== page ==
Michigan State University will use a $4.8 million National Science Foundation grant to increase corn productivity by better understanding how gene expression is controlled.
Corn, as simple as it looks, has a complex genome. When its genome was first mapped in 2009, scientists estimated it comprised 32,000 genes. In comparison, the human genome is made of an estimated 20,500 genes.
In 2016, the estimate of the corn genome increased to 40,000 genes; today it stands at 50,000. Despite corn’s ever-growing molecular complexities, Erich Grotewold, chairperson of MSU’s biochemistry and molecular biology department and the project’s lead investigator, believes his integrative team can help decipher its genetic secrets.
“It won’t be easy; it’s like having all of the words of an encyclopedia set but no punctuation or spacing dividing them,” he said. “The genetic and genomics resources available for this cereal provide an outstanding opportunity to understand how gene regulatory networks have evolved and how they can be further manipulated by breeding or genome engineering to boost productivity.”
The team of scientists will primarily focus on the control of phenolics, compounds involved in protecting plants from pathogens and helping them adapt to other changes in environment, such as extreme weather. Lignin, part of the phenolics family and the second-most abundant polymer in the world, is responsible for making wood. Identifying how the accumulation of key phenolics is controlled, and later manipulating their formation, not only can improve corn production and nutritional value, but also will serve as models for other plants used for biofuels.
“It’s comparable to looking at 50,000 doors, or genes, each having multiple locks,” Grotewold said. “We have a bucket full of 3,000 keys, or regulators, to open those doors. Opening them means understanding control of the accumulation of these compounds, and in reality, any plant process.”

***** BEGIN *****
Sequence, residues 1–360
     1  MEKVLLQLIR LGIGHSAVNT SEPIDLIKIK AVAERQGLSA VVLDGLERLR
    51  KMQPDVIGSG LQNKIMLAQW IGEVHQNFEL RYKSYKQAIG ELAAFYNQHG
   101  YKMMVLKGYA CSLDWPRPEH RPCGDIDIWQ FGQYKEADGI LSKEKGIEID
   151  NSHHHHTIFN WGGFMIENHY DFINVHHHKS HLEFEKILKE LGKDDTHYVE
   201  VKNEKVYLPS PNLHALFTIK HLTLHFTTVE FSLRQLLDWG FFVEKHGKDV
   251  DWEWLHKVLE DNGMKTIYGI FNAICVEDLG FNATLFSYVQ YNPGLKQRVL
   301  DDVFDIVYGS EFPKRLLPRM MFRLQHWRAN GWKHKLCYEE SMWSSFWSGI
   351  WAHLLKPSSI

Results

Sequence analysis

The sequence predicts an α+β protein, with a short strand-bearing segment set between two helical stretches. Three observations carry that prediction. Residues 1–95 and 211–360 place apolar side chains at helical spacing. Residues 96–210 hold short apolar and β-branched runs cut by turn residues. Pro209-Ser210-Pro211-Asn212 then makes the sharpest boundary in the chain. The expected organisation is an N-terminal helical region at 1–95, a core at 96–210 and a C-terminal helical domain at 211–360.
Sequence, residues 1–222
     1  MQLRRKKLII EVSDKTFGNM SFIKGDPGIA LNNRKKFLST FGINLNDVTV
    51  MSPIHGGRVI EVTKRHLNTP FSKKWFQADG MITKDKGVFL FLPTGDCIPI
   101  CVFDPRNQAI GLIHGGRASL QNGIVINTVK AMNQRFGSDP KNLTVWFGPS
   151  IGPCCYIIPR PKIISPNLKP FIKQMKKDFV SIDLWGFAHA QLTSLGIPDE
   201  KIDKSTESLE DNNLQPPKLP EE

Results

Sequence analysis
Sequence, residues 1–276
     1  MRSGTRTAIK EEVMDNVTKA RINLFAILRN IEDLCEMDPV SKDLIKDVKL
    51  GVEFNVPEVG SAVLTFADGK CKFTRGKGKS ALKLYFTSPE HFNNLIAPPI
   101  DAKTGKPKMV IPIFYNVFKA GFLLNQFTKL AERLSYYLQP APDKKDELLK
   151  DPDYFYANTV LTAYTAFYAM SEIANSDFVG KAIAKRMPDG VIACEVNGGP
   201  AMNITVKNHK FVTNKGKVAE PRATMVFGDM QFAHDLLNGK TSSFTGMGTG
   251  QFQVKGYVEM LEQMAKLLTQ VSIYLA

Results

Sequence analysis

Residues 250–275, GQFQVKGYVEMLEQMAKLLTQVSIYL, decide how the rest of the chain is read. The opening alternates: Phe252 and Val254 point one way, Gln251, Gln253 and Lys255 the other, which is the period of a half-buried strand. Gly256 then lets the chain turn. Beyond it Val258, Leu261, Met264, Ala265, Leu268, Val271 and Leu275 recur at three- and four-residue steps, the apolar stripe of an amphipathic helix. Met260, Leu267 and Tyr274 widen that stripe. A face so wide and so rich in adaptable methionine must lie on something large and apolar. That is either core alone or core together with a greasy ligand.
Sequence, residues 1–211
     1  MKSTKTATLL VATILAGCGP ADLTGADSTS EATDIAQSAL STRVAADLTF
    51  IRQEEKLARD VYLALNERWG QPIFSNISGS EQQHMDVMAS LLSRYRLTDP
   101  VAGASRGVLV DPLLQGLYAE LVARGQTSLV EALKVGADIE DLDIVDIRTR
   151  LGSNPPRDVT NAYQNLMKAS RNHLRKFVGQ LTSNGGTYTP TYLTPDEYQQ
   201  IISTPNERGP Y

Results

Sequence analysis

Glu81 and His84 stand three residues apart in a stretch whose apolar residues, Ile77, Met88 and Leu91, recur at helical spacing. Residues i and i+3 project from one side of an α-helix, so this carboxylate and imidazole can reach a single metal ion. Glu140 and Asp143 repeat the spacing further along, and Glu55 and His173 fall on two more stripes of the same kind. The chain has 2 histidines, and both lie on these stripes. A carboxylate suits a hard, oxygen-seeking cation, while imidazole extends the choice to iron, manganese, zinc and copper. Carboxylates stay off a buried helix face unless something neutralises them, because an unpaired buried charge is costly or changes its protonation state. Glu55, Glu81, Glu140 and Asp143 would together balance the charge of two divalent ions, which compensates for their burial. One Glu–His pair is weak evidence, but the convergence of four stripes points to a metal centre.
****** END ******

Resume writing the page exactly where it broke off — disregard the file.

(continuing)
Prior research has narrowed the bucket of keys to 50 prime candidates. As doors are unlocked and corn’s secrets revealed, Grotewold’s team will share the results via www.maizegdb.org and MSU’s www.grassius.org, which are dedicated to publicizing research related to genetic advances involving agronomic traits.
In addition to sharing the research with scientists, Grotewold will use the project to entice more students from underrepresented groups to pursue advanced degrees in science. He and his wife, Andrea Doseff, MSU physiologist and co-investigator in this project, launched Success In Graduate Education program during their time at Ohio State University and brought the initiative to MSU.
“SiGuE is dedicated to increasing the representation and competitiveness of historically underrepresented groups in basic sciences,” Grotewold said. “We’ve had early success with our efforts, placing four of our six former students at major universities; we’re hoping to build on our efforts at MSU.”
Scientists from the University of Toledo, University of Minnesota and University of Wisconsin are part of this research.